Log In


Reset Password
Regional News

Christian preschool sues state

The Darren Patterson Christian Academy, a multi-grade private, nonprofit school that operates “Busy Bees” preschool, sued the Colorado Department of Early Childhood over requirements to participate in the state’s universal preschool program. (Courtesy of Barnaby Wassan)
School wants to require employees hold specific religious beliefs while still enrolling in Colorado universal pre-kindergarten program

Can a Christian preschool that wants to participate in Colorado’s taxpayer-funded universal preschool require that its employees hold certain religious beliefs?

A Chaffee County preschool says yes. The state says no.

Families of 17 children who have been matched with the school are waiting for a decision on a recently filed lawsuit on the matter.

The Darren Patterson Christian Academy, a multi-grade private, nonprofit school that operates “Busy Bees” preschool, sued the Colorado Department of Early Childhood over requirements to participate in the state’s universal preschool program. UPK launches this coming school year and guarantees every 4-year-old in the state at least 15 hours a week of free preschool.

The federal civil rights lawsuit was filed in June by the Alliance Defending Freedom based in Arizona. It claims the government is forcing the school to surrender its religious character, beliefs and ability to participate in UPK “just like everyone else.” The state couldn’t comment on pending litigation.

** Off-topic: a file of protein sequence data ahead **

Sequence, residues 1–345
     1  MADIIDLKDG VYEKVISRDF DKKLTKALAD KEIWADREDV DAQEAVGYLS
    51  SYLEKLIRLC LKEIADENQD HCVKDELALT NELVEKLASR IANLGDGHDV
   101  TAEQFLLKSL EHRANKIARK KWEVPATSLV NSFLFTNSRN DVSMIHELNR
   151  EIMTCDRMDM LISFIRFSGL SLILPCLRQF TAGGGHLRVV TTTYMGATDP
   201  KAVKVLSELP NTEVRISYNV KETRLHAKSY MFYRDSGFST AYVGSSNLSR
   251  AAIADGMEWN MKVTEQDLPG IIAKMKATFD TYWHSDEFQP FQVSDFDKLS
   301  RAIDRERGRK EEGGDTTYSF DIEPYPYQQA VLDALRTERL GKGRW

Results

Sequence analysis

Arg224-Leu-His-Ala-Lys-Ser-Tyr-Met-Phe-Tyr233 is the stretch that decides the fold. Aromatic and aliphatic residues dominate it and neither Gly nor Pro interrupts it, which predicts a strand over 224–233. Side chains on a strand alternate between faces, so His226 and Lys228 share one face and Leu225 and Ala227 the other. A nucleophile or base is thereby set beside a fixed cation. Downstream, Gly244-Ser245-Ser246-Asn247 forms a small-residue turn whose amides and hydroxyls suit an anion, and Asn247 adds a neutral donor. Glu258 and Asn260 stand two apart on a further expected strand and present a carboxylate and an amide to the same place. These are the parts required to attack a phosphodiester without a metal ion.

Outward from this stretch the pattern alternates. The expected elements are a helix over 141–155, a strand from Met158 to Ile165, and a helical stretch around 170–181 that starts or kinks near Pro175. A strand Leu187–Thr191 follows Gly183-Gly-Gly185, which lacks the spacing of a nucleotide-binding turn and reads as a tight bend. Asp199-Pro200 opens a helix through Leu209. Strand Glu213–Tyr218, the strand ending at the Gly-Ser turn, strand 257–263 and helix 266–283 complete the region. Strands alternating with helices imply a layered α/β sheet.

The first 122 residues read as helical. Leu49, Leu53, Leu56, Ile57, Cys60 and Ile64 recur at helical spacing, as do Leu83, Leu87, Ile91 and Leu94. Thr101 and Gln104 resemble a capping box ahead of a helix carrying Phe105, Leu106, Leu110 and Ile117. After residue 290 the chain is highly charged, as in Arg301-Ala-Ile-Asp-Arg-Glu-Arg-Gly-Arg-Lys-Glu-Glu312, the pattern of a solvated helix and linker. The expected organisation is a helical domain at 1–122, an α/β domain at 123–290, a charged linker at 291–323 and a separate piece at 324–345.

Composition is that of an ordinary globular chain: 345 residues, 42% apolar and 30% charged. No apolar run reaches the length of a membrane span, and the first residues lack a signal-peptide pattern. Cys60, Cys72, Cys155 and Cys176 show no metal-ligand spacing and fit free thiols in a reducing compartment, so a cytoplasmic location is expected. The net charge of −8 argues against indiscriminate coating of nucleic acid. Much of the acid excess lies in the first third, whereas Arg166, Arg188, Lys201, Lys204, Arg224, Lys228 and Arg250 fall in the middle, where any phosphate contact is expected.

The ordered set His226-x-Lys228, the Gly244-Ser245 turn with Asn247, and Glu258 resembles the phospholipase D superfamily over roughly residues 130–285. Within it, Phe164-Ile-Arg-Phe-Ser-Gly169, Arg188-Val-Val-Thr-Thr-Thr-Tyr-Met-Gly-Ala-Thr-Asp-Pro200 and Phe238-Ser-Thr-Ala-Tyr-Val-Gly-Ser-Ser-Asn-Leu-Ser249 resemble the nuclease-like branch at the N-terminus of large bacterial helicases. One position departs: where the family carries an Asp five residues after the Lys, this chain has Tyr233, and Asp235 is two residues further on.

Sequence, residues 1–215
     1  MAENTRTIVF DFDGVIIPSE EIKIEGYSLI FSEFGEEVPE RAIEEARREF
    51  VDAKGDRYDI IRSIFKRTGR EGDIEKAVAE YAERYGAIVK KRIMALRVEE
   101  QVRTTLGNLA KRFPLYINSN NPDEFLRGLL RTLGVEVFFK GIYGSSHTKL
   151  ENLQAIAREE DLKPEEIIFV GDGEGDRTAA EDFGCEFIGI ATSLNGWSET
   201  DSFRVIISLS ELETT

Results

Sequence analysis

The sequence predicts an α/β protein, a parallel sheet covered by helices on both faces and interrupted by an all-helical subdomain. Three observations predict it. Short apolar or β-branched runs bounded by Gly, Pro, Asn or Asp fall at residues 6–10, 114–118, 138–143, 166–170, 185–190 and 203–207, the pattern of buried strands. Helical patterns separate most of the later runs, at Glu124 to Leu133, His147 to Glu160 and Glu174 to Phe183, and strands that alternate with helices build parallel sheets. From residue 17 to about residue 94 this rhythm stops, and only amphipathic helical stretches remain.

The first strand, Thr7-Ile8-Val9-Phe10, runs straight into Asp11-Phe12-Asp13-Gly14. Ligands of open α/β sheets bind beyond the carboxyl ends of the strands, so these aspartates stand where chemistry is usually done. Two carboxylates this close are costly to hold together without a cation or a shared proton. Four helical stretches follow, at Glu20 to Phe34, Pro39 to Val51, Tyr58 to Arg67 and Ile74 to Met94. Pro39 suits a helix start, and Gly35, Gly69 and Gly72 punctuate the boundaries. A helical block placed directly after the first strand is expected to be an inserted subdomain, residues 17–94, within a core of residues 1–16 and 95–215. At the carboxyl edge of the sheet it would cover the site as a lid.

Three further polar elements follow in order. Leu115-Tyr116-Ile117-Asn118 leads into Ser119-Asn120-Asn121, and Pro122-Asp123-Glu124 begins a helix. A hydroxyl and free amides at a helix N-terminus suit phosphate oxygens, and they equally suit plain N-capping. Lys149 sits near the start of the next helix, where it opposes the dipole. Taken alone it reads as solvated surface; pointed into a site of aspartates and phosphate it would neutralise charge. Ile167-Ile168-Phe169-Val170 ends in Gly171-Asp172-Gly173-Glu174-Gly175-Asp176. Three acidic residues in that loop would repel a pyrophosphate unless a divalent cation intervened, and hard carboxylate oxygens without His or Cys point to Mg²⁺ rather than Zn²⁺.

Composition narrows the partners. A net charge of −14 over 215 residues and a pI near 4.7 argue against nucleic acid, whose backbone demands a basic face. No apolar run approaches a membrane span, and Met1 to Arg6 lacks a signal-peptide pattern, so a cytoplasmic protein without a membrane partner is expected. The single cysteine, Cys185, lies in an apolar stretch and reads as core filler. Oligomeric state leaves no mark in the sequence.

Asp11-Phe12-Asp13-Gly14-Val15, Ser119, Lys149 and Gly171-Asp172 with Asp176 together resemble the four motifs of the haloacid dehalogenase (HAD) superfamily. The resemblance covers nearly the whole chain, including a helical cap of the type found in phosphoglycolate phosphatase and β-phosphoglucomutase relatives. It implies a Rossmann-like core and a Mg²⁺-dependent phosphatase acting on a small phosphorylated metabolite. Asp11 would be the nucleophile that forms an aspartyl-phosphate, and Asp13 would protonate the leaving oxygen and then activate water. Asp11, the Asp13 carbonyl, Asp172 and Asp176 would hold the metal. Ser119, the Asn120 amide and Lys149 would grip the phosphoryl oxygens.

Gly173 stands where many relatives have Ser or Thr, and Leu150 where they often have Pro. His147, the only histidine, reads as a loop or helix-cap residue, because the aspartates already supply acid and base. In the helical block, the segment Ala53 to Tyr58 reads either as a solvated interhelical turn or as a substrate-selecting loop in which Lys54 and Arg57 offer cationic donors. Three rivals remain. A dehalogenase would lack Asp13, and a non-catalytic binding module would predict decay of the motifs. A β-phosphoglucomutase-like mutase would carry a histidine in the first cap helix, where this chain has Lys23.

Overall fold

School says sexuality, gender, restroom usage, pronouns and dress codes at issue

The school is one of only a few Christian schools in Chaffee County and the lawsuit says it’s the only Christian school in the central Rockies that incorporates expeditionary learning that includes out-of-classroom adventures. It also has daily prayer time, offers Bible classes and holds weekly chapel services for employees and students.

The academy wants to only hire employees who share its religious beliefs about sexuality and gender, “including those that relate to restroom usage, pronouns, dress codes, and student housing during school expeditions and field trips,” according to the lawsuit.

The school’s handbook says it integrates and follows its Christian beliefs throughout its operations, including in its employment practices and how it operates its facilities.

School employees must agree to abide by a “Lifestyle Statement,” which requires every employee to be a “’born-again’ Christian” and to adhere to certain lifestyle requirements, including abstaining from any sexual activity outside of biblical marriage, the lawsuit says.

The preschool is open to children of all faiths and backgrounds and has enrolled families who do not share the school’s religious beliefs. But it says it’s important to have employees who share Christian beliefs.

Preschools in UPK can’t discriminate in hiring

But the service agreement between the state and preschool providers says providers can’t discriminate against any person based on faith, sexual orientation, gender identity and a number of protected classes. The school says that would prevent it from operating “consistently with its religious beliefs.”

The school, which was approved to be a UPK provider, requested and was denied a religious exemption. The school says it now must choose between adhering to its religious beliefs and dropping participating in UPK, or giving up its beliefs and participating equally with other preschools. It alleges that choice is unconstitutional.

The Colorado Department of Early Childhood provides partial religious exemptions on other issues but only for preschools run by houses of worship. For example, it allows church-run preschools to reserve all or a portion of their seats for members of the congregation.

The Alliance Defending Freedom filed a preliminary injunction this week.

A group of religious providers raised similar concerns about UPK’s nondiscrimination provisions with Gov. Jared Polis in February, claiming they infringed on the religious liberty of faith-based providers.

To read more stories from Colorado Public Radio, visit www.cpr.org.